Many golfers start playing the game with a set of mismatched golf clubs.
Maybe one person told you they had a few clubs for you, and another gave you a few others.
The set may not be the prettiest combination of golf clubs you have ever seen, but you are probably wondering whether or not it could be effective.
If you have a set of golf clubs, but they do not match, here is everything you need to know.
Do Golf Clubs Need To Match?
Golf clubs do not need to match to be effective.
Many players choose a set of clubs from several different brands as they find it makes up the best possible combination for their needs.
Forcing yourself to stick with one brand so that all clubs match will likely not help you become an even better player.
Even though golf clubs do not need to match, we do recommend having several irons that match and that their loft gapping is accurate.
For instance, if you have 7 iron, 8 iron, and 9 iron that match, that is highly recommended.
Having a 7 iron from one brand, an 8 from another, and a 9 from another may cause some issues in consistency that you can feel.
It’s important to have as much consistency in the irons and wedges as possible.
The need for consistency is why you see most golf manufacturers sell golf clubs that have matching club heads.
Can You Mix And Match Irons?
Most of the time, irons are not mixed, and the set is consistent from the pitching wedge up to something like the 4 iron.
However, there is one situation where golfers actually mix and match their irons quite often.
These sets are called combo sets.
The most common player who uses a mixed or combo set is typically a mid-handicapper ready to transition to being a low handicapper.
Low handicapper irons are blade style and are much less forgiving than cavity-back irons.
Therefore, it’s a big step to take to transition from game improvement to blade.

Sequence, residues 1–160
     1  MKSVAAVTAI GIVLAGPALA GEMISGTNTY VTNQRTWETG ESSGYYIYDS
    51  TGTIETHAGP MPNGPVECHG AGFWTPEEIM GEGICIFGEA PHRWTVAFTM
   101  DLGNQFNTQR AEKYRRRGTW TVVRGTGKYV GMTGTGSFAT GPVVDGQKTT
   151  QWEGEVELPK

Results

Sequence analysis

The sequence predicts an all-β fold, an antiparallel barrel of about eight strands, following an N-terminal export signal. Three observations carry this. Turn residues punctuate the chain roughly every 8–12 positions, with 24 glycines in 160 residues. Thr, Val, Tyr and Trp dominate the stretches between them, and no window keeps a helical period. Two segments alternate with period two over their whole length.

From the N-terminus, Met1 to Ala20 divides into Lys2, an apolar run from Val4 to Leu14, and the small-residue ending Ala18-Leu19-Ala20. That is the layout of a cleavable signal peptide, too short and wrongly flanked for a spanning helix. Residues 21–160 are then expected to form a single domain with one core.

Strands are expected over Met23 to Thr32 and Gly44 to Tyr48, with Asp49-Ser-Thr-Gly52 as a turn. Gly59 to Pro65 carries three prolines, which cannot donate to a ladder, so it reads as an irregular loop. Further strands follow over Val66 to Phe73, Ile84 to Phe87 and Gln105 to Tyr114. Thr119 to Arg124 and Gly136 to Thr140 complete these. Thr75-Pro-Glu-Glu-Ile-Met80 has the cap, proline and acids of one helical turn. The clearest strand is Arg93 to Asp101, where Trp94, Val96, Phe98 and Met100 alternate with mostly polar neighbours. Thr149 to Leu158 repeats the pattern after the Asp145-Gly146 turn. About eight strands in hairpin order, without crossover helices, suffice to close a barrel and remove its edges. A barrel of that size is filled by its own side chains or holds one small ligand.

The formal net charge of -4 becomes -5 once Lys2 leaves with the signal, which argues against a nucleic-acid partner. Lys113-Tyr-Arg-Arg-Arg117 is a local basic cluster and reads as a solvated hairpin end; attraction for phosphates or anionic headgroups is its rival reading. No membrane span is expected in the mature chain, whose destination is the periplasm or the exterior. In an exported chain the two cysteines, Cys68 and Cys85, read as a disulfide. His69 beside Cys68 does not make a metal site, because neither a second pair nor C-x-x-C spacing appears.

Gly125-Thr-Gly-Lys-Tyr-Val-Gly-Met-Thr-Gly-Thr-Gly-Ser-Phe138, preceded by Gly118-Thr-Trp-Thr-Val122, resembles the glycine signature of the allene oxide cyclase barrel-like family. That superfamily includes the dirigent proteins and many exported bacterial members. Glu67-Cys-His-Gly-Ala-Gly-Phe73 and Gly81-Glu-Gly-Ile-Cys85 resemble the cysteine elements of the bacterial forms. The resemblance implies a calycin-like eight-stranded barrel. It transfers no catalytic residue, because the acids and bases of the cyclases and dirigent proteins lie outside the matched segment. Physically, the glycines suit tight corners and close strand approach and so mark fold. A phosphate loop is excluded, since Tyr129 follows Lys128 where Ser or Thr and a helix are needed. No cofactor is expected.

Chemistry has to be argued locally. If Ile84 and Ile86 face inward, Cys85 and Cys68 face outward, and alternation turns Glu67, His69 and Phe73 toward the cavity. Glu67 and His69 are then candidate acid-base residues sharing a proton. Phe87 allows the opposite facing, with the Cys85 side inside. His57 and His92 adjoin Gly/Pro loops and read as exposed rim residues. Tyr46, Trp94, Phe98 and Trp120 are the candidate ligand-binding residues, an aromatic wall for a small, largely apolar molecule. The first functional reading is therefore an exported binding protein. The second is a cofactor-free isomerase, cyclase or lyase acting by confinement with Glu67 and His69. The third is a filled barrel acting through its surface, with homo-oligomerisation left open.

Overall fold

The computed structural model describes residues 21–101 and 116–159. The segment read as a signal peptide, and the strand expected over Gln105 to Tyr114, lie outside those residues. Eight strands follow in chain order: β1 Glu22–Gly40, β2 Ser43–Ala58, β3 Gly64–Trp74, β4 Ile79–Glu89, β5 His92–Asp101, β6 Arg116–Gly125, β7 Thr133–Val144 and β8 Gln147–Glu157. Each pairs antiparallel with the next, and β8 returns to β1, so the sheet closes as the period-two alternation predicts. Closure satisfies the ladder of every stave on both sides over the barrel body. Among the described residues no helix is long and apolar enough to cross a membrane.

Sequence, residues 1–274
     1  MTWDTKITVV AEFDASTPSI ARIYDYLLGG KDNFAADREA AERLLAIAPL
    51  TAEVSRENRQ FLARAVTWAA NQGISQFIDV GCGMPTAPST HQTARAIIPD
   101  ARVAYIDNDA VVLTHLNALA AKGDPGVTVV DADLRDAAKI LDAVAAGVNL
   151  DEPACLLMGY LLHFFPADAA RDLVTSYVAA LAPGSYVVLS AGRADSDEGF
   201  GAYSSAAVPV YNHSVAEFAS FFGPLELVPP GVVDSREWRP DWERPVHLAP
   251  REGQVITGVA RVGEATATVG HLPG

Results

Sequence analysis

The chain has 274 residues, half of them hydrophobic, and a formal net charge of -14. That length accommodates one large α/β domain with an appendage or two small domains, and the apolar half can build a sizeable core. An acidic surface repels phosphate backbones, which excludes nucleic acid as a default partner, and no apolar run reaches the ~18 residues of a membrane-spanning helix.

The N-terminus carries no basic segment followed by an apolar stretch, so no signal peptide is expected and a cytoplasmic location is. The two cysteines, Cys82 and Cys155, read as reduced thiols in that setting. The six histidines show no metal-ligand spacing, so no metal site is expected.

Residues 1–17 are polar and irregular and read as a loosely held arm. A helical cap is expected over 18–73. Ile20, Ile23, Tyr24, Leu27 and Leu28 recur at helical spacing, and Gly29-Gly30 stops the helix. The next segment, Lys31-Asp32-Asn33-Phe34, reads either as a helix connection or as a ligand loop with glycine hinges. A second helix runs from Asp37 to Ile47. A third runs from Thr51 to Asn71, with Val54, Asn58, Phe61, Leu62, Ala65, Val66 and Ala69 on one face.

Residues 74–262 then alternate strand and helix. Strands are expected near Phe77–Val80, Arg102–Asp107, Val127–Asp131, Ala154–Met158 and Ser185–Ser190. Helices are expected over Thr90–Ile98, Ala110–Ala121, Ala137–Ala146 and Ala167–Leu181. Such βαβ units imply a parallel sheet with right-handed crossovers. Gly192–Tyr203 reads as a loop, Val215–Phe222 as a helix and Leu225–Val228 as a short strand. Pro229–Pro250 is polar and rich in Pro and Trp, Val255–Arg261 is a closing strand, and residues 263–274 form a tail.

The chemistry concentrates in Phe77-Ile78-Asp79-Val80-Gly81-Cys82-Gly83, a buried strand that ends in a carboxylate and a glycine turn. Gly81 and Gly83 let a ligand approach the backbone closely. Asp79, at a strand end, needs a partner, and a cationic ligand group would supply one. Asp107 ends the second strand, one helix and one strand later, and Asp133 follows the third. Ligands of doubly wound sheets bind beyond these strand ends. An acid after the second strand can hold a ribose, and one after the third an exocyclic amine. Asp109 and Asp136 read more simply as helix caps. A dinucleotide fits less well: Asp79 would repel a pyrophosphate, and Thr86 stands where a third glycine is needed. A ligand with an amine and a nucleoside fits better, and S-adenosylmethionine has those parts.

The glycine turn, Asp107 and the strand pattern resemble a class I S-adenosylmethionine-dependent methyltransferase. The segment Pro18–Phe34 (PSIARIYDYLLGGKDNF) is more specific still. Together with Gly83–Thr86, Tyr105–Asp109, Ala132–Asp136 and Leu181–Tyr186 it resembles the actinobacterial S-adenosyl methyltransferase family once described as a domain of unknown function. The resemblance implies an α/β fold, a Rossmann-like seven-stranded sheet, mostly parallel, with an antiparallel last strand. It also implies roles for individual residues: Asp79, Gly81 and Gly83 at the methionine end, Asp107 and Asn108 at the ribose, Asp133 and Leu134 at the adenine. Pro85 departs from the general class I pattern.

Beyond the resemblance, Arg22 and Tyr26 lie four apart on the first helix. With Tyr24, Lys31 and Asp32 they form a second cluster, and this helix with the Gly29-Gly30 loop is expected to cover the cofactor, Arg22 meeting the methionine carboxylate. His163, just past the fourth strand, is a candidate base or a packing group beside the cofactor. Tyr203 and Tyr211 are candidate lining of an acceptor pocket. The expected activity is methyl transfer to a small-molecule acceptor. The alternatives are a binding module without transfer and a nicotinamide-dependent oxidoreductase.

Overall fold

Some players will use a pitching wedge, 9 and 8 irons in the blade style, and then switch to something more forgiving in the 7, 6, and 5 irons.
This is a great way to get the impressive feel in your golf clubs while still getting the distance and forgiveness you need when your game is a little off.
When you mix and match irons like this, stick with the same brand of club.
For instance, if you go with the Callaway Apex blades, you can switch to the Apex DCB in the longer irons.
It’s tough to go from one brand to another as the loft gapping can be tricky, and the feel of the clubs will be much different.
Even though you don’t have clubs that are exactly matching, they are at least from the same family.
Should Your Golf Swing Be The Same For All Clubs?
Golf swings are not exactly the same for all golf clubs.
Now that we have established that your golf clubs don’t necessarily need to match, it’s good to understand how this will impact your golf swing.
Playing golf can be kind of complicated.
Just when you think you have one swing down, you have to learn some new techniques to help you hit different types of shots.
Let’s look at the different swings involved in the game of golf and how they will impact you.
1. Driver/Fairway Swings
The driver is the longest golf club in the bag.
It is hit on the upswing, not on the downswing.
This is why we tee up a driver so that we can hit the ball in more of a sweeping motion as opposed to compressing it.
When hitting a fairway wood off a tee or even from the fairway, the same kind of swing is necessary.
The good news is that sometimes just by changing the ball’s position in your stance, you can achieve these results for the ball flight you want.
However, it is also important to consider how steep your swing is.
A more upright swing is not the solution here as that will force the club to go down and through the ground as opposed to the sweeping motion that we are looking for.
Irons are not hit on the upswing like the drivers and fairway woods are.
Instead, the iron is hit as part of the upswing.
Golf irons need to be compressed to hit solid.
Golfers must hit down and through their golf shots if they plan on getting a golf iron up in the air.
As you may imagine, the result here is a swing that is slightly more upright.
In addition, the golf ball must be in the middle of the stance.
As conscious as most golfers are about their golf iron swing, it’s really important not to feel as though you are forcing these different types of swings.
Essentially, make your changes to your setup and then try to feel these adjustments a bit, but don’t act as though you have three or four golf swings to take out of your bag.
The adjustments to the setup and swing thoughts are usually all it takes to properly strike the golf ball with any club in your hand.